Two scenes and a thought experiment, that's where my latest technothriller, Dualism, started.
For a while there after I finished writing Singularity, I thought I was done writing, period. I'd exorcised this incubus of an idea that'd had me hagridden for the better part of seven years (you can check out my "Accidental Author" blog on GoodReads for the blow-by-blow), by the simple expedient of getting it out of my head and onto paper. Only...
Only the problem was that Jon Knox and Marianna Bonaventure -- who'd started out as little more than clotheshorses on which to hang the fabric of the plot -- had, by the time I was done, grabbed me and wouldn't let go. I'd become voyeuristically entangled in their interpersonal dynamics, the evolution of their relationship, the whole question they raised and embodied of whether relationships are even possible in this post-modern era (in case you hadn't guessed, the title of that first book and now this one too are allusions to stages in their growth toward couplehood). And so, just as I'd written Singularity "to see how things came out in the end," so too was I moved to write Dualism.
Only there was an additional problem: Namely, I had no idea what Dualism was about. What I did have was these two scenes. Without telling you which ones they were (that would be too easy), I can say this about them: One was very old, perhaps the first piece of creative writing I'd done since freshman English, and that prompted by a loss that metaphorically kicked my heart out of my ribcage, like the hind hoof of one of Larry Niven's tripodal Puppeteers. The other, comprising the first lines I'd written specifically with Dualism in mind, was evoked by a favorite song: Andrea Boccelli's Il Mare Calmo della Sera (The Calm Sea of Evening).
So, two scenes, not altogether unrelated, though damned if I could figure how to relate them.
And the thought experiment? That's the oldest thread of all. I'll unravel it in a bit more detail later. For now, suffice it to say that, in the end, it was the key to weaving those two scenes together, and much else besides.
Now, all I needed was a MacGuffin.
The MacGuffin Hunt
What is a MacGuffin anyway? Well, the man who popularized the term, the thriller-master himself, Alfred Hitchcock, used to explain it with a story about two men riding on a train. One of them notices that the other has stowed a strange-looking object up in the baggage rack and asks about it. "Oh, that's a MacGuffin," comes the response, which naturally only prompts the further question: "What's a MacGuffin?" "It's an apparatus for hunting lions on the moors of Scotland," the proud MacGuffin-owner explains. "But," the first man objects, "there are no lions on the moors of Scotland." "Well, then," replies the second, "that's no MacGuffin."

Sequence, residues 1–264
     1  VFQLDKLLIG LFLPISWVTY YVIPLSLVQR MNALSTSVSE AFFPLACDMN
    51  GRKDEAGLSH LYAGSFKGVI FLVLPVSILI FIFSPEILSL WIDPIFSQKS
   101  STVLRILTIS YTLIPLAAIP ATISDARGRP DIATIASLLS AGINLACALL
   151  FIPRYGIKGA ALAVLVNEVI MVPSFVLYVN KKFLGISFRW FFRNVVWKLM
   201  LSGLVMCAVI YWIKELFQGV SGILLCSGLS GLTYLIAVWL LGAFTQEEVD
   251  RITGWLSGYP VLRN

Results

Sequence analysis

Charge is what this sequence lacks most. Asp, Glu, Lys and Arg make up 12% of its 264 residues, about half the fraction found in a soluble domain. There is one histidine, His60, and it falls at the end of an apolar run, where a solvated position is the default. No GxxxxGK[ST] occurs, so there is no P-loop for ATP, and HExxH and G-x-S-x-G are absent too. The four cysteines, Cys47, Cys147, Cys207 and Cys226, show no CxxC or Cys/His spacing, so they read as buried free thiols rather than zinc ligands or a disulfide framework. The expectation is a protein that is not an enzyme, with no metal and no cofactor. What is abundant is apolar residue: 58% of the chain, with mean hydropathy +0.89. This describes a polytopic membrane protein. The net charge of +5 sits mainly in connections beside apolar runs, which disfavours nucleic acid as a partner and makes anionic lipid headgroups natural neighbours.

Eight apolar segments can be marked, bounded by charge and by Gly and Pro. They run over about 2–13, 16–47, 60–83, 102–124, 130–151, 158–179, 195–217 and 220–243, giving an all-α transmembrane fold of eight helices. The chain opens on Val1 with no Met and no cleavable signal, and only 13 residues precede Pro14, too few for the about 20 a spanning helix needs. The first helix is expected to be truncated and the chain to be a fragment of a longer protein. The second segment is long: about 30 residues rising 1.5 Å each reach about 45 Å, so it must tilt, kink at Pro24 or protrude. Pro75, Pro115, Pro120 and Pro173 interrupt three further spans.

All of which was a roundabout way of saying that a MacGuffin is nothing at all, a fiction, a figment of the imagination. It's also the name Hitchcock gave to any plot device that all the characters in a story are vying for and striving to possess, but about which the audience cares not at all. The textbook example is Hitchcock's own Notorious, starring Cary Grant and Ingrid Bergman. Though the film itself wouldn't premiere until 1946, the script was already under development in 1944 and -- here's the kicker -- it featured uranium ore as its McGuffin nearly a year before the first atomic bomb was dropped on Hiroshima. When the studio raised understandable concerns about this particular plot-point, Hitchcock told them "the gimmick was unimportant," and blithely offered to substitute industrial diamonds for the radioactives.
One MacGuffin, in other words, was pretty much as good as another.
That was then, this is now. Blame it on that selfsame atom bomb, perhaps, or on decades of Cold War, or the Global War on Terrorism, or maybe just an increasing sense of the precariousness of existence in general, but modern readers and moviegoers seem to have lost the ability to distance themselves so nonchalantly from the perils depicted on the screen or printed on the page. Nowadays, we have come to expect thrillers where we do care about the device that drives the plot -- not least because said device represents a credible threat to our nation, our way of life, or, best of all, our whole world.
This was the context in which I went hunting for Dualism's MacGuffin. Nor did it help that Singularity, the first book in the Archon Sequence, had steered a course between the Scylla of nuclear holocaust and the Charybdis of a primordial black hole poised to swallow the planet. Kind of set a high bar for coming up with an encore.
Well, as alluded to above, there's no end of credible existential threats in our modern world. Did you know, for instance, that electromagnetic pulses generated by high-altitude nuclear detonations could fry the entire U.S. power grid, leading to widespread starvation and potential societal collapse? Or that Iran has been laying the groundwork for just such an attack?
I actually wrote a few trial chapters around that EMP MacGuffin, but wound up setting them aside. Devastating as such a scenario could be, it all seemed too -- how do I put this? -- pedestrian. Deadly, yes, but not enough of a "Wow!" Factor.
In the end, it was rather the very subject matter that Dualism engaged, the philosophical conundrum on which the plot turns, that pointed a way forward.
But that's a story for next time. Stay tuned!
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